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Singapore

Nightclub operator manipulated sales of flower garlands; jailed for GST evasion and money laundering

The garlands, bought by customers for performing artists, cost between S$50 and S$100,000.

Nightclub operator manipulated sales of flower garlands; jailed for GST evasion and money laundering

The price of the flower garlands ranged from S$50 to S$100,000. (Photo: SPF,IRAS)

SINGAPORE: A nightclub operator was jailed and penalised more than S$630,000 on Tuesday (Sep 13) after he was convicted of Goods and Services Tax (GST) evasion and money laundering offences.

Soon Kok Khoon, the operator of Club Posh Entertainment and West Palace Entertainment, was found to have helped the clubs make false entries in their GST returns “with wilful intent" to evade the tax, the Singapore Police Force (SPF) and the Inland Revenue Authority of Singapore (IRAS) said in a joint news release.

He was convicted of three counts of GST evasion and ordered to pay a penalty of S$630,861, three times the S$210,287 in GST he evaded. Another five charges were taken into consideration during the sentencing.

In addition, Soon was found guilty of three counts of money laundering involving the disguise of property amounting to S$3,214,389. Five other charges were also taken into consideration for the sentencing.

He received a jail term of more than 13 months for his offences.

USING SHELL ENTITIES TO DIVERT REVENUE

In 2016, Soon instructed accountants at Club Posh Entertainment and West Palace Entertainment to omit reporting the clubs’ sales revenue, mainly from the sale of flower garlands, as well as the output tax.

Customers would buy these flower garlands, priced between S$50 and S$100,000, at the clubs. The garlands would then be delivered to performing artists identified by the customer after payment.

Soon also instructed his staff to divert the sales revenue of the clubs, which were GST-registered, to two shell entities using separate point-of-sale terminals linked to them, said SPF and IRAS.

Flower garlands were delivered to performing artists identified by customers. (Photo: SPF,IRAS)
A front view of Club Posh. (Photo: Facebook/Club Posh)

“These shell entities were not GST-registered and had no actual business activities,” they added.

The undeclared revenue from the sales of the flower garlands was recorded as proceeds from fictitious sales of souvenirs in the accounts of these shell entities.

“By doing so, Soon had thereby disguised money which, in part, directly represented the benefits of his criminal conduct from GST evasion,” the authorities said.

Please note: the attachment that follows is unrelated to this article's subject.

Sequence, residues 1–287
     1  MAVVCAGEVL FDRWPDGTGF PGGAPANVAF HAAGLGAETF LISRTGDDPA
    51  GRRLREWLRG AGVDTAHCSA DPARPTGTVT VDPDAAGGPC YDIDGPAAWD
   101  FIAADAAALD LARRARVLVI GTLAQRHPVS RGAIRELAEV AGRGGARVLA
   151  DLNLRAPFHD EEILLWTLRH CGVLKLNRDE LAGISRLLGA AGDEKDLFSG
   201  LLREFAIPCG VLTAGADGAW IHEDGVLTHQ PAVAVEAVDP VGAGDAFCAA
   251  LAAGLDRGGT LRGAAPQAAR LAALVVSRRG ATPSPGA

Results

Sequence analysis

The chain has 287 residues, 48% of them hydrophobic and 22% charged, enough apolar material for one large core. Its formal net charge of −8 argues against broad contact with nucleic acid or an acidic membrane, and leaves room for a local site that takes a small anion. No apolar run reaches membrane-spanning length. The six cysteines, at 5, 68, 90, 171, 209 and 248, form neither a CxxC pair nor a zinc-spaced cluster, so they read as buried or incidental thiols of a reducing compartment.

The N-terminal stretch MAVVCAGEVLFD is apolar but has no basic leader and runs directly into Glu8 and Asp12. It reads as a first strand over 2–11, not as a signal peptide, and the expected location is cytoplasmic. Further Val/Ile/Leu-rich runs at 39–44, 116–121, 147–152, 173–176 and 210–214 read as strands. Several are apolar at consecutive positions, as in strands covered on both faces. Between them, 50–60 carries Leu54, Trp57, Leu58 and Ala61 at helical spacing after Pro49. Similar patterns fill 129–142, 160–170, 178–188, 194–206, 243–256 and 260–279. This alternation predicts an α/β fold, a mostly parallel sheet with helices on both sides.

HOW SOON HELPED FALSIFY THE CLUBS' TAX RETURNS

  • The two clubs, which were GST-registered, made taxable supplies of flower garlands to customers. The garlands were delivered to performing artists identified by the customers after they were paid for.
  • The price of the flower garlands ranged from S$50 to $100,000. For customers who used their credit cards to pay, Soon instructed his staff to swipe the cards using the point-of-sale terminals linked to the two shell entities. These entities were not GST-registered. 
  • Revenue amounts and GST output tax of the flower garlands were omitted from the clubs' GST returns even though the items were taxable. 
  • Money collected through credit cards or cash for the garlands were not deposited in the clubs' bank accounts. The clubs neither issued receipts for the sales of the garlands nor recorded them in the clubs' accounts. 
  • As the garlands were "charged" to the point-of-sale terminals of the shell entities, Soon instructed his staff to falsely record the taxable supplies as "sale of souvenirs" of the shell entities. 
  • Soon also told his employees to understate the "sale of souvenirs" in the shell entities' accounting books to avoid hitting the GST registration threshold.
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Those who are found guilty of wilfully submitting false GST returns by overstating any input tax, understating any output tax or including fictitious transactions could be penalised three times the amount of tax undercharged, fined no more than S$10,000 and/or jailed for up to seven years.

Anyone who acquires, possesses, uses, conceals or transfers benefits from criminal conduct could be fined up to S$500,000, jailed up to 10 years, or both, if convicted.

The authorities encouraged businesses or individuals to immediately disclose any past tax mistakes, adding that IRAS will treat such disclosures as mitigating factors when considering actions to be taken.

Source: CNA/ng(ga)

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